def main(everyDayAt5AM: func.TimerRequest, products: func.SqlRowList) -> None:'Python timer trigger function started')
    # convert the SQL data to JSON in memory
    rows = list(map(lambda r: json.loads(r.to_json()), products))

    # get the API endpoint from app settings
    api_url = os.environ['API_URL']

    # send the data to the API
    response =, json=rows)
    # check for 2xx status code
    if response.status_code // 100 != 2:
        logging.error(f"API response: {response.status_code} {response.reason}")
    else:"API response: {response.status_code} {response.reason}")
In our Azure Function we check the API response status code to make sure the request was successful. If the status code is not in the 2xx range, we log an error. If the status code is in the 2xx range, we log a success message. By logging an error, we can monitor the Azure Functions logs to see if there are any issues with calling the API endpoint.
That’s it! Those ~10 lines of Python are all we need to run a query against our Azure SQL Database and send that data to the endpoint we set in the Azure Functions app settings.

Sending data to an FTP server

While we formatted the data as JSON to send to an API endpoint, we may want to send our data to an FTP server as a CSV file. By using a package like pandas, we can quickly convert the data to a comma-separated format.
def main(everyDayAt5AM: func.TimerRequest, products: func.SqlRowList) -> func.HttpResponse:'Python HTTP trigger function processed a request.')
    filename = "products.txt"
    filesize = 0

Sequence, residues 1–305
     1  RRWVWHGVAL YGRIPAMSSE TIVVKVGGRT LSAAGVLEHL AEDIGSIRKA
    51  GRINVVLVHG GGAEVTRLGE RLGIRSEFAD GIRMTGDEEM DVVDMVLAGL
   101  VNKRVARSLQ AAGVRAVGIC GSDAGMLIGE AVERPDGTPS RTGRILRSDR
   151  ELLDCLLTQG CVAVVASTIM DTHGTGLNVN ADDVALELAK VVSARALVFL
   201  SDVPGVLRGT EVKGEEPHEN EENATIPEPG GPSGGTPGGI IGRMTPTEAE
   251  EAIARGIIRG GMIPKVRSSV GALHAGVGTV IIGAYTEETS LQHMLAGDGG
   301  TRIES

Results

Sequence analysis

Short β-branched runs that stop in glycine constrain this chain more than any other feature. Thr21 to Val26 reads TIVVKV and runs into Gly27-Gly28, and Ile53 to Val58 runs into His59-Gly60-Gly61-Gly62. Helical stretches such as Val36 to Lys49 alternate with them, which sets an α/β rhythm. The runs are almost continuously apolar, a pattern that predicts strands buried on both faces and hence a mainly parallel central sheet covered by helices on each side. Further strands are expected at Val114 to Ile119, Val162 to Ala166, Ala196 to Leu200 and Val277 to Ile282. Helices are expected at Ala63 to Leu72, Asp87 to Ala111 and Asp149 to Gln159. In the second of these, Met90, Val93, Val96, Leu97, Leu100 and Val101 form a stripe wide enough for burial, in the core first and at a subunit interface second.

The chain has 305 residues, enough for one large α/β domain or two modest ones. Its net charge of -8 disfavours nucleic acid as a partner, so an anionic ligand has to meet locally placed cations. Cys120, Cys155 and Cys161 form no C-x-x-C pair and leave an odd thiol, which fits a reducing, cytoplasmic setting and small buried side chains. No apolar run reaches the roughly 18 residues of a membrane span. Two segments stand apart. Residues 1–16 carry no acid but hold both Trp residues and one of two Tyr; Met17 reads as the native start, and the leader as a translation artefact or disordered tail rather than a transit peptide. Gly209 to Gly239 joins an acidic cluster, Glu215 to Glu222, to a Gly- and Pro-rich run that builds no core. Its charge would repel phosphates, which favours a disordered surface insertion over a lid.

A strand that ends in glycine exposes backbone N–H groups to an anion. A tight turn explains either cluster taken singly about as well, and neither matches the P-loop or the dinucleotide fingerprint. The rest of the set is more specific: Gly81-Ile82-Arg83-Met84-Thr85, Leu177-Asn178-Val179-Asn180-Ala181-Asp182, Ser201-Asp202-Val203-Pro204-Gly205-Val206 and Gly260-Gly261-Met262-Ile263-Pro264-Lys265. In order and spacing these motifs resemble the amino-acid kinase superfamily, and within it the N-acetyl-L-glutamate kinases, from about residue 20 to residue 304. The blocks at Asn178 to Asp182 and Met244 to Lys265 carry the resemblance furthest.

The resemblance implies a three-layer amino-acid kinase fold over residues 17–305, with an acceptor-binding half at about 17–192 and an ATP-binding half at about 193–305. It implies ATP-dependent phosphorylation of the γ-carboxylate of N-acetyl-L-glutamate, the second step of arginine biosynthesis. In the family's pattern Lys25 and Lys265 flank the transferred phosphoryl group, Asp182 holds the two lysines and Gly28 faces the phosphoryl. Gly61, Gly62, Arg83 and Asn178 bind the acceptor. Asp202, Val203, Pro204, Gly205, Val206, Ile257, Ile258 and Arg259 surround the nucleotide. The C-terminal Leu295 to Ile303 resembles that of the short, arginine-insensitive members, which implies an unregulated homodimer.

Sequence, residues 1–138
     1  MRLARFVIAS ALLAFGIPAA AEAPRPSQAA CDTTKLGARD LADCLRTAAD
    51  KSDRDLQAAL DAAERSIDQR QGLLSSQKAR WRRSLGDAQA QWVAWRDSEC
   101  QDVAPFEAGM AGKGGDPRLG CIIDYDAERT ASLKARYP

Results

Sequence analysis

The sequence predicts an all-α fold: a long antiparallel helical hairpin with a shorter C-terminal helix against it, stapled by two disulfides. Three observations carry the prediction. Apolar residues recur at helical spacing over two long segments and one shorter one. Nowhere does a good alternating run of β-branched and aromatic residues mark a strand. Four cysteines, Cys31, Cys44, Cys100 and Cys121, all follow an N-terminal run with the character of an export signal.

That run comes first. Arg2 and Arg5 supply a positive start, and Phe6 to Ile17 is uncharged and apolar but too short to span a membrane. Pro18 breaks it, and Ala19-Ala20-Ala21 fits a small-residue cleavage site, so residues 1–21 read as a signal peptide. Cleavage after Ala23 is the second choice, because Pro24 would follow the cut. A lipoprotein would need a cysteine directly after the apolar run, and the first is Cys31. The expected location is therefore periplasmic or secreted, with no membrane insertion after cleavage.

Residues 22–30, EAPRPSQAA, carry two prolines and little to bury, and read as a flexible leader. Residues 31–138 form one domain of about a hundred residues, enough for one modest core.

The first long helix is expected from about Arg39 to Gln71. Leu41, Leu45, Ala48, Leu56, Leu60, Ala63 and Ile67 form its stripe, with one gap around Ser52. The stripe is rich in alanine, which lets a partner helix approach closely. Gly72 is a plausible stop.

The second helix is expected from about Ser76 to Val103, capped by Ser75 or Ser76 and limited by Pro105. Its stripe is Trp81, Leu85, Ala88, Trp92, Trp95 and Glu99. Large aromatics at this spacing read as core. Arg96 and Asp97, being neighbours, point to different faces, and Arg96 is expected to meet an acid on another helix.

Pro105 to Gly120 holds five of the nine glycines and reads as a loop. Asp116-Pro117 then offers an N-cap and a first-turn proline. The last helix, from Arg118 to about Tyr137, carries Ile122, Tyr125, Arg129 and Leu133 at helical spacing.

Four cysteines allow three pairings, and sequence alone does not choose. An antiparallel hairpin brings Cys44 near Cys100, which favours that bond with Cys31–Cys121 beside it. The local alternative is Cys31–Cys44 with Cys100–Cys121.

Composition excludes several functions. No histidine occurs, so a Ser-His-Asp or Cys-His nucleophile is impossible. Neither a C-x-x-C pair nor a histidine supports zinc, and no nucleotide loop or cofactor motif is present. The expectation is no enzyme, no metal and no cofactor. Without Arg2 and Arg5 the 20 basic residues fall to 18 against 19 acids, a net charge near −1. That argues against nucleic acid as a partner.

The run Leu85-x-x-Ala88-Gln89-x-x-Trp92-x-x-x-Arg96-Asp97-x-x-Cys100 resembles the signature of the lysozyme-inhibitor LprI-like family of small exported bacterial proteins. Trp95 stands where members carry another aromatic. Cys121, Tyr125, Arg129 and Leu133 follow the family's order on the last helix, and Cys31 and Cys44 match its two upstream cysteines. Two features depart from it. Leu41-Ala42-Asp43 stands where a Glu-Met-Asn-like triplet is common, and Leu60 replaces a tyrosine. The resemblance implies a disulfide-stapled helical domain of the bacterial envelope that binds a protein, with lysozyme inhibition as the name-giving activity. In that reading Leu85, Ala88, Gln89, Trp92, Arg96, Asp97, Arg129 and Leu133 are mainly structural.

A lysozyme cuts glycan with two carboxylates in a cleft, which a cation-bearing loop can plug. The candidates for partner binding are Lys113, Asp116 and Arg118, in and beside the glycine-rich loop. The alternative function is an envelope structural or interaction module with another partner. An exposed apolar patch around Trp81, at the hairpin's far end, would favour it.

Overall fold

# convert the SQL data to comma separated text
    product_list = pandas.DataFrame(products)
    product_csv = product_list.to_csv(index=False)
Python has a built-in library, ftplib, that can interact with FTP servers. After retrieving the FTP server information from the app settings, we can connect to the FTP server and upload the data. Instead of writing the data to a local file before uploading to the FTP server, we can use the BytesIO class to handle the binary data to memory.
    datatosend = io.BytesIO(product_csv.encode('utf-8'))

    # get FTP connection details from app settings
    FTP_HOST = os.environ['FTP_HOST']
    FTP_USER = os.environ['FTP_USER']
    FTP_PASS = os.environ['FTP_PASS']

    # connect to the FTP server
        with ftplib.FTP(FTP_HOST, FTP_USER, FTP_PASS, encoding="utf-8") as ftp:
            # use FTP's STOR command to upload the data
            ftp.storbinary(f"STOR {filename}", datatosend)
            filesize = ftp.size(filename)
    except Exception as e:
        logging.error(e)"File {filename} uploaded to FTP server. Size: {filesize} bytes")

Wrapping up

With Azure Functions we have a low-overhead and flexible way to build application components and the Azure SQL bindings make it easy to retrieve data from Azure SQL Database. In this article, we took a brief look at an approach to sending data from an Azure SQL Database to an FTP server and API endpoints with Python in Azure Functions. If you’d like to dive into this sample further, the code is available on GitHub.


Discussion is closed.

Feedback usabilla icon